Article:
All in all, if you ask her about it, she’ll tell you she had fun with the camping aspect of the trip, but the hiking part wasn’t her favorite. I think I can convince her to go again someday, but we may want to shake these memories a bit before I try again!
Ultimately, it was good to get backpacking again. If I have to wait until Calvin’s ready, I can live with that.
So I took some pictures awhile back and apparently never posted them here. These pictures are more recent, so I won’t bother showing how it all started when, you know, they were just dirt plots… As stated in an earlier post, we’ve been busy! Still, we got started relatively early this year and the weather was pleasant enough that we could get peas, carrots, lettuce and radishes planted (above). We already picked the radishes and, while many of them turned out pretty good, others were left in the ground a bit too long (as evidenced by their thoroughly tough exterior…).
This is the most lettuce we’ve grown and it has turned out pretty well! We’ve had weather in the 90 F range this past week, so we’re probably getting to the end of the line with lettuce, but the carrots aren’t quite done. It’s about time to pick peas but, at usual, we aren’t expecting to get all that many.
We also switched up the locations of crops from last year, so now the green beans are closer to the house and a bit more shaded. The mounds above with the greenery is watermelons, and the two mounds in the background are supposed to have pumpkins, but they haven’t sprouted all that much yet…not optimistic… The peppers are positioned around the smaller trellis and we already lost a few of them, but the plants that are still there look passable
The tomatoes, on the other hand, are looking pretty solid. Those plants took off pretty well, mostly because we didn’t rely on seed starts as much as last year, so they went in bigger. We planted most of this the weekend before Mother’s Day, so they’ve had time to grow in the last few weeks. Brooke did plant a few that she grew downstairs, but they didn’t take off as well as last year. Hopefully we end up with a solid crop this year!
Lining the edges of this plot, we put in some soup beans. Those are substantially larger than when I took this picture and they’re looking pretty good. I’m hopeful they don’t decide to vine all the way up the tomatoes, ’cause that would be a huge pain…
Brooke expanded the herb garden, as well. The sunflowers all came back as “volunteers” from last year, and our lemon balm plant also returned from last year. Unfortunately, that was about it! Otherwise, Brooke planted some other stuff like sage and, oregano, and some butterfly-attractive flowers.
The blackberries are also taking off quite nicely! I may need to get a shotgun to fight off birds (and people) that may try to take them before they’re big enough… Lastly, the trees all survived the winter and are growing well, especially the peach tree! We even have a few peaches on there, but that’s the extent of the fruit we’ve observed. The trees will keep growing this year and we’ll get some more stuff next year, we guess!
Clearly, as the rate of posts here indicates, I’ve been pretty busy this semester. Both of my classes this semester were courses I’ve taught before, but I had two of each for a total of four courses, with a combined 115 students. Don’t get me wrong, it went fine and all of my grades were turned in on time this past Tuesday, but it got pretty busy, especially after Spring Break.
Good thing I’m off for Summer Vacation now, right? Wrong! In all honesty, I’m kinda excited because I’ll be teaching two classes in the online setting for the first time. It’s new territory for me, as I’ve never taught a class in this way before, let alone two, so the learning curve could get the best of me, but I’m hopeful I can push them across the finish line by the time the classes are over in July.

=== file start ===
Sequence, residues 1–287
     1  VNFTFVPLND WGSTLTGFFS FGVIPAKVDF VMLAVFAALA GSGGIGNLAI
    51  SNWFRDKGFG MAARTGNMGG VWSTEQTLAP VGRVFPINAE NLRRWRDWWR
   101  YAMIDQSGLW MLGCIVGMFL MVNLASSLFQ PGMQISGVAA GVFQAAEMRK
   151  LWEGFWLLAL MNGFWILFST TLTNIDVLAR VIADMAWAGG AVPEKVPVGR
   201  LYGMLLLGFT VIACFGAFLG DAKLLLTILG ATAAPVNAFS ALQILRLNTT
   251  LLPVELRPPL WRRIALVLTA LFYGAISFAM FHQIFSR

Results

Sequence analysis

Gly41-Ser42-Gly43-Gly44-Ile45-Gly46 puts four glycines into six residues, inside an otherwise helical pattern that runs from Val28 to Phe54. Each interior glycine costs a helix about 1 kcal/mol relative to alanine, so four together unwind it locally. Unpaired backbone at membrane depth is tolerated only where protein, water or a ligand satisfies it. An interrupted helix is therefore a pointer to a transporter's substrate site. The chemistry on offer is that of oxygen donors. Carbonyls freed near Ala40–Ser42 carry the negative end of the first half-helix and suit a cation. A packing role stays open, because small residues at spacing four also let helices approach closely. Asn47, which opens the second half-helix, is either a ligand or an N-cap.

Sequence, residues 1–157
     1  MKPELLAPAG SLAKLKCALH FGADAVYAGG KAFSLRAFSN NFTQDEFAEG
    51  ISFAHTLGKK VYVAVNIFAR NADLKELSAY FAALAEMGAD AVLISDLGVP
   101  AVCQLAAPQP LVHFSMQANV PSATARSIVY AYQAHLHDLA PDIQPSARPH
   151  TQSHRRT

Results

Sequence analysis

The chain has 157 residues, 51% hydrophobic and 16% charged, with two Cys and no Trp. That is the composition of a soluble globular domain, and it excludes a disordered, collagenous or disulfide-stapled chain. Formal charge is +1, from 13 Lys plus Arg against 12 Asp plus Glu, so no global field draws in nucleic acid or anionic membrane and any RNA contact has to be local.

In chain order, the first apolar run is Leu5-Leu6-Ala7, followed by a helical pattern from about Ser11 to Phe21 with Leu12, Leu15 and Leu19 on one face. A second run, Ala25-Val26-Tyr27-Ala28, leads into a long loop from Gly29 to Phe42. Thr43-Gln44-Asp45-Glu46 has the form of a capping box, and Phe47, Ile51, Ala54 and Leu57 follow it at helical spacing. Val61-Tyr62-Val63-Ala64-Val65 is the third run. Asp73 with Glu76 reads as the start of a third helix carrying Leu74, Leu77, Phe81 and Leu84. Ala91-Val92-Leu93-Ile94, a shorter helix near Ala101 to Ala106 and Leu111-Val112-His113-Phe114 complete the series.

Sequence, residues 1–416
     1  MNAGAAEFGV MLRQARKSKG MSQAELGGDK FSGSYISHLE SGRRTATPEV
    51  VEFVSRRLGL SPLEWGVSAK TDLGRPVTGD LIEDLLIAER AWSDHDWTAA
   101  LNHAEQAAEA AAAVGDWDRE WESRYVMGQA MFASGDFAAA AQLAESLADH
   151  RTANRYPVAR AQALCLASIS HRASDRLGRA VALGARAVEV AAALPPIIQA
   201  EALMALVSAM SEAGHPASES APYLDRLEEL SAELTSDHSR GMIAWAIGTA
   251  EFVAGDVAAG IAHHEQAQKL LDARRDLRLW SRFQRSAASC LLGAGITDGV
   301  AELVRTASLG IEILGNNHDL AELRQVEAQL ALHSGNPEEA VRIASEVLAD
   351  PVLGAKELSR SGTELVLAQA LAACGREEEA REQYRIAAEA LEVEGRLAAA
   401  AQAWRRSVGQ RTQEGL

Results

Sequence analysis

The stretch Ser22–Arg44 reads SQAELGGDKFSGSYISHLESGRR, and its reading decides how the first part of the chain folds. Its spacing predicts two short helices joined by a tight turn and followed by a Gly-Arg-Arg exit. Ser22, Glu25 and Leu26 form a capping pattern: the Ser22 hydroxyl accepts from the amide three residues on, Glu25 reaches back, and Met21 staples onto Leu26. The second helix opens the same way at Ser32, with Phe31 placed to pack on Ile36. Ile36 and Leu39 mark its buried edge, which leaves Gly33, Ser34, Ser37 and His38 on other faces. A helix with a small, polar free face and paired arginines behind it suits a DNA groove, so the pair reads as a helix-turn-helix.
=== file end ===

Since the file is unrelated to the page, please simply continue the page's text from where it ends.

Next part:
Basically, back in the Fall, some of my students asked if I could teach Pathophysiology over the Summer semester. It’s a class I’d taught before, but this time, it would be out of a different department and with a different course number and a different textbook, so it isn’t exactly the same (but, effectively, it’s the same class). I was interested in doing it anyway, but the rub was that I’d have to do it in the online setting. In some ways, it was “win/win” because I could still be flexible with staying home over the Summer with Meg, but I’d also get to keep busy and try something new with my courses, some things I could potentially wrap back around into my lectures for the Fall. As of today, I’ve got 17 people enrolled in that class.
Earlier this semester, I was having conversations with “The Powers That Be” on campus about how many people are in my A&P courses (hint: it’s a lot) and they mentioned how it would be nice to get a fully online version of A&P I built to help transition students from the career center setting in nearby counties over to our nursing program. This online A&P course could be completed by interested students and, assuming it was completed along with other prerequisites, they could enroll in our nursing program without having set foot on our campus before.
This presented a different challenge, as there’s a laboratory component involved. I think I’ve solved that issue with a distance learning laboratory kit that we’ve contracted out from a supplier, but it’ll be interesting to see how the lab side of things works out compared with what I normally do during the Fall and Spring semesters.
Right now, I’ve got 15 people enrolled in that class, as well.
The thing I’m working on right now (aside from posting this…) is recording all of my lectures and getting them hosted on YouTube. There are multiple ways to handle an online class and it really depends on a). the strengths (or weaknesses) of the instructor and b). what kind of material is being discussed in said lecture. In my case, I’m no stranger to technology, so I picked up a USB microphone for $20 and grabbed Brooke’s sewing lamp from home in order to create a make-shift recording studio. I’m also using Screencastify, software built in to Chrome that lets me insert my voice and video in one of the four corners of my lecture slides and records the tab in Chrome into a video format stored on Google Drive. From there, I can download it and edit it (to a very limited degree…), and then post it to YouTube in a Private listing so I don’t have everyone on the planet viewing it (and getting lovely YouTube comments about how little hair I have).